As big family cars go, the Peugeot 406 with its smooth lines was pretty impressive. The most popular version was a four-door saloon that shared a platform with the Citroen Xantia, but this was complemented by a five-door estate car and a sporty two-door coupe designed and built near Turin by Italian performance specialist Pininfarina. There was a choice of engines — initially a 1.8 litre or 2 litre petrol engine, with a 1.9 litre turbodiesel option. But over time there would also be a 2.2 litre and 3 litre V6 lining up beside the petrol pump, with a 2 litre, 2.1 litre and 2.2 litre queuing for diesel. Two of the latter engines had the Hdi (High-pressure Diesel Injection) system.
The front-engined, front-wheel drive 406 superseded the ageing Peugeot 405 in 1995 and continued to sell well for nearly a decade, proving to be a great success for the French manufacturer. The key to the 406’s commercial appeal was the fact that it offered efficient and sophisticated diesel engines at a time when there was a general switch (especially in Continental Europe) to the alternative fuel for reasons of economy and reduction in air pollution.
The 406 enjoyed a major facelift in 1999, with an external redesign that brought in a pleasing new ribbed look and style accents like a new honeycomb grille and smooth glass headlamp arrays. The interior got a serious makeover, too, with the emphasis on additional space. But the most significant changes were invisible — more powerful and fuel-efficient engine choices, improved transmission, better suspension and brakes. Thus fortified, the 406 continued to be a popular choice with European car buyers until it was finally discontinued in 2004. Egyptian production of the 406 carried on regardless after the Peugeot 407 took over elsewhere.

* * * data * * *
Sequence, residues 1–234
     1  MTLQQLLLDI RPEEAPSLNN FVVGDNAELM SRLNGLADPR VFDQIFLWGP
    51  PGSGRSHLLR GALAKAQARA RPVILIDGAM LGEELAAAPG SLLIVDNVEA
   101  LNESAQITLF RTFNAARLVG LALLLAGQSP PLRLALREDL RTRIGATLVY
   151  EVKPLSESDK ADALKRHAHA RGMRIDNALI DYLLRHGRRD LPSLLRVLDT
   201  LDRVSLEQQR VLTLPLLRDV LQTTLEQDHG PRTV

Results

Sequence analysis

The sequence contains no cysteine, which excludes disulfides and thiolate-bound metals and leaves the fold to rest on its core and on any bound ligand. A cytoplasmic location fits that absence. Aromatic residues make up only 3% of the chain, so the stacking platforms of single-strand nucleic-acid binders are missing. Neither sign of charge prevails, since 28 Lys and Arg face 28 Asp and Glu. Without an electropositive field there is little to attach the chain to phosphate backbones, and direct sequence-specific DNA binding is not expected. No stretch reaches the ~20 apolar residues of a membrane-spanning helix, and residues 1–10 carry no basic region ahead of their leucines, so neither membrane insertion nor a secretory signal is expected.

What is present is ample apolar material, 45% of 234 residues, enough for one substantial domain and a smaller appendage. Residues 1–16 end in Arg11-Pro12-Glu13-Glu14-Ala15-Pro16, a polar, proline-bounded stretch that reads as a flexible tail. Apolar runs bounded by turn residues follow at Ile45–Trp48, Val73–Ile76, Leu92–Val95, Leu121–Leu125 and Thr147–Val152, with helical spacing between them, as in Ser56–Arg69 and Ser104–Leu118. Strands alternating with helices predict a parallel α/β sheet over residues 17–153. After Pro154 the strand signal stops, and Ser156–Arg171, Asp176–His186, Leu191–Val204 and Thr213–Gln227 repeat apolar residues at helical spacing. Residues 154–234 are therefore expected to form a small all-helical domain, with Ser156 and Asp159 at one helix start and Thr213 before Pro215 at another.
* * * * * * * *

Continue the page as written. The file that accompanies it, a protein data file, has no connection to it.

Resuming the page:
COUNTRY OF ORIGIN:
France (also built in the UK, Italy and Egypt)
1995 (until 2004)
Various including: 1,761 cc to 2,230 cc Straight Four; 2,946 cc V6; 1,905 cc to 2,179 cc Straight Four Diesel.
With 1.8 I engine — top speed of 117 mph (188 km/h); 0-60 mph (97 km/h) in 11.5 secs
YOU SHOULD KNOW:
The Peugeot 406 competed in the British Touring Car Championship in 1996, winning a couple of races (one each for Tim Harvey and Patrick Watts) — a feat that helped to establish the 406 as a major player in the competitive UK car market.